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Zeynep Akman, Class of 2025

This month cultures worldwide recognize and celebrate women’s accomplishments. In what ways, if any, has recognizing these celebrated accomplishments of women in real estate impacted you as a women entering the same career field? Have you come across women working in real estate that you see as role models?

Recognizing the hard work and dedication of women in real estate has definitely empowered me to step into a leadership role in this sector, even though there’s a high barrier to entry (but see presently). It’s also a great opportunity to learn from their work ethic and make note of attributes that helped them be successful in their careers.

Although I haven’t met her, I regard Natalie Diaz, the chief of staff at Time Equities Inc., as a wonderful role model. The firm is almost 60 years old and has many millions square feet of residential and commercial property in its portfolio, both in the US and around the world. Ms. Diaz has been with the company for the last dozen years. She started as an assistant to the founder, Francis Greenburger, the renowned real estate developer, literary agent, and philanthropist. Her current responsibilities include administering and coordinating the firm’s marketing, communications and human resources departments. My acquaintance with her work started with an interview I read in Forbes, published three years back. Ms. Diaz has founded the Women’s Equity Committee at Time Equities, the first of its kind. The committee’s main focus is gender equality at the firm while eyeing the broader goal of maintaining a high level of diversity across the company. Developing a maternity/paternity leave policy, a framework for pay equity, and devising and implementing strategies for the advancement of women in the company have been some impressive accomplishments of the committee.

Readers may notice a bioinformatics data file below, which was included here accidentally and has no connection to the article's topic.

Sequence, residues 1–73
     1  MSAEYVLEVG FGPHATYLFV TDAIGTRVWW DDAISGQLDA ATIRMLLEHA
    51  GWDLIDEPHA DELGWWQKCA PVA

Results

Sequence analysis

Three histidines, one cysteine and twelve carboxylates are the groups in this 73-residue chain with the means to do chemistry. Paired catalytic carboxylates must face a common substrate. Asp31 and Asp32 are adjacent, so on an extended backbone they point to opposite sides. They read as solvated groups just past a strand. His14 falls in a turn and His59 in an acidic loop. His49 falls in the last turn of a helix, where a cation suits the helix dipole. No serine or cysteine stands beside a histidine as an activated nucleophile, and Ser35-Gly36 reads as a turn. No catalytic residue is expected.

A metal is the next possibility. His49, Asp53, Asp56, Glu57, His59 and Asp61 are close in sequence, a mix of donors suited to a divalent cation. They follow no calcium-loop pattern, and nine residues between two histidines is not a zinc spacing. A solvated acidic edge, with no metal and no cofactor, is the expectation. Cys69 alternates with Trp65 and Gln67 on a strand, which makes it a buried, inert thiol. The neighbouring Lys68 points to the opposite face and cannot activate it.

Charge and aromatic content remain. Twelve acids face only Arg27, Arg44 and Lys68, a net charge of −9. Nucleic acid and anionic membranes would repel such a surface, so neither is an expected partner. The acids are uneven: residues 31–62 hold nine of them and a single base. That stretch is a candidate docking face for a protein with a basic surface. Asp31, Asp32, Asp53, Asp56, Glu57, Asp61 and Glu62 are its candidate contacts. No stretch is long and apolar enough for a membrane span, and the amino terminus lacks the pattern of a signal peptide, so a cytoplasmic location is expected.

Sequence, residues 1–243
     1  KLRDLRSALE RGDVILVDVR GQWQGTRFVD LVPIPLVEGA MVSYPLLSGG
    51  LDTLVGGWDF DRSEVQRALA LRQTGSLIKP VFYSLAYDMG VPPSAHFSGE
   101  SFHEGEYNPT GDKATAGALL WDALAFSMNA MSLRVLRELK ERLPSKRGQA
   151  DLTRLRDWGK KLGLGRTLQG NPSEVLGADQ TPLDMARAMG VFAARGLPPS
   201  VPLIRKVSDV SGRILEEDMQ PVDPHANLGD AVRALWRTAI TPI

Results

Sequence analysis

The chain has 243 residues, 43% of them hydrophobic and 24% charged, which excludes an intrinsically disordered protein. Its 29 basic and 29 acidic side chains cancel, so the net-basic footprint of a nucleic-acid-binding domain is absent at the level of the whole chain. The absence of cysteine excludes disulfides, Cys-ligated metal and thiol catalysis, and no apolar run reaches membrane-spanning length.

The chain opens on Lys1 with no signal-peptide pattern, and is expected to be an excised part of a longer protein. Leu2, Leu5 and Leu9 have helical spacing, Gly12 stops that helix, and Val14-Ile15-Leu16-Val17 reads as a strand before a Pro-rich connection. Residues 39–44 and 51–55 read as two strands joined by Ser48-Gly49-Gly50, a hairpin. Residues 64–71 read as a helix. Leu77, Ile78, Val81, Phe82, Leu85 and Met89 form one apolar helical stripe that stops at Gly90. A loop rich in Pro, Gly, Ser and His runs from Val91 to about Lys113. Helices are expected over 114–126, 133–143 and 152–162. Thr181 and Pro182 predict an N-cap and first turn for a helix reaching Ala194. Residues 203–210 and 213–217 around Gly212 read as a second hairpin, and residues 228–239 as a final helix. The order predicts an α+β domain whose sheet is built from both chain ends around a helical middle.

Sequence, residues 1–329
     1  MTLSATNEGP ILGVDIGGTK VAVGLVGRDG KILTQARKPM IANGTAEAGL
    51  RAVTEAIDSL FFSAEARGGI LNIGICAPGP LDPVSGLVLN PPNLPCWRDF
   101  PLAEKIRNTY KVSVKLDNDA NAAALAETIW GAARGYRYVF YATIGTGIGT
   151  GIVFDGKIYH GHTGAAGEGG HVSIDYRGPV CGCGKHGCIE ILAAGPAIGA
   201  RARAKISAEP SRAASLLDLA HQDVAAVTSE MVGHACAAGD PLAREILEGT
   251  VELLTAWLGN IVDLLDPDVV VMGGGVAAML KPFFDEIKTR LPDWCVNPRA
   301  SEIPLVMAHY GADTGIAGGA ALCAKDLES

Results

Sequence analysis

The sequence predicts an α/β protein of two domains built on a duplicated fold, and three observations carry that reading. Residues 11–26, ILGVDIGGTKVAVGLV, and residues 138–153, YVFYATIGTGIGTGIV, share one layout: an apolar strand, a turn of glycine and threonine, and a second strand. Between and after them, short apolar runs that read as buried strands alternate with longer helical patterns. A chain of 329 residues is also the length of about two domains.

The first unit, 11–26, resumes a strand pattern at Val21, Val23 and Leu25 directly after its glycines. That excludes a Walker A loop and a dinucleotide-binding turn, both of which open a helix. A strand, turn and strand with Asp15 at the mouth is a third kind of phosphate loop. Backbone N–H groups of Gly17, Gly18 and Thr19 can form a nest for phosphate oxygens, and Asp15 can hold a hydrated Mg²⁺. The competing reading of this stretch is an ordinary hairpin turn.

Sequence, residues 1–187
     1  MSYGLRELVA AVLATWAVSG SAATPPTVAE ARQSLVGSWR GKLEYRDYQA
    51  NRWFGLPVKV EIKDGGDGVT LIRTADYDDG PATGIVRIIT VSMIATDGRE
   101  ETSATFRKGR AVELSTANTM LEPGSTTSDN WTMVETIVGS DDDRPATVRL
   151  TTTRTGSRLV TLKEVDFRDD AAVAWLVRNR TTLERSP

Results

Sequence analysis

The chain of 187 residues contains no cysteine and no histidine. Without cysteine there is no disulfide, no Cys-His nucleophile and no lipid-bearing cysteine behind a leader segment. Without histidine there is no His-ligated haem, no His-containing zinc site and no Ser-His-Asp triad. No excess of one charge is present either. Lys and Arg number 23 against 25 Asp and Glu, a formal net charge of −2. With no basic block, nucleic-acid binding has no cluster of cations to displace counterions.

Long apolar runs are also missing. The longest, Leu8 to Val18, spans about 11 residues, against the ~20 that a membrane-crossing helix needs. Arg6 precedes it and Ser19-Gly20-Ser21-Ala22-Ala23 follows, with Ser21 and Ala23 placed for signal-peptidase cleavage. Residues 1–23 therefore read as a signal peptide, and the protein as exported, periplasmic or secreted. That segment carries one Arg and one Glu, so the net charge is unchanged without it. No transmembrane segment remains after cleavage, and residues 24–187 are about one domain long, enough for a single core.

What prompted you to declare Real Estate as a major, and what have been some of your highlights as a student of the major?

Although I started my college career with the goal of majoring in business, I had a change of
heart after my freshman year. I noticed that it wasn’t what I wanted to pursue and my advisor recommended that I take classes that pique my interest in order to decide what I was passionate about. I took RE 250 during the fall quarter of my sophomore year and was immediately engaged with the class material. I learned a great deal from class discussions and truly appreciated the Professor’s expertise on every subject matter. I knew I wanted to continue my studies in this area.

After declaring Real Estate as a major, I joined the UW Real Estate Club and have had various opportunities to network and have hands-on experience there. Some of the highlights of my association with the club include attending career panels/speaker series, touring properties in the Seattle area, and getting to know students and professionals that share similar interests. Commercial Real Estate has traditionally been a male-dominated industry.

How are women in today’s society working to change that narrative?